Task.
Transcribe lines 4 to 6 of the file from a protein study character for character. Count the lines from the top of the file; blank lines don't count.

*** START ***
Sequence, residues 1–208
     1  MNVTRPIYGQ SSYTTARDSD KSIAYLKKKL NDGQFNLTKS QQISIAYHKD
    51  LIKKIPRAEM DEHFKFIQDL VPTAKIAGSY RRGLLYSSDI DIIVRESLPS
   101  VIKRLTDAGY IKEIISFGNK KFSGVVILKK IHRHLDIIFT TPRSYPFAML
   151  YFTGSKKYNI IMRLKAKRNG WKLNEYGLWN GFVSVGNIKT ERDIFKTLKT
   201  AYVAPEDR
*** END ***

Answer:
   101  VIKRLTDAGY IKEIISFGNK KFSGVVILKK IHRHLDIIFT TPRSYPFAML
   151  YFTGSKKYNI IMRLKAKRNG WKLNEYGLWN GFVSVGNIKT ERDIFKTLKT
   201  AYVAPEDR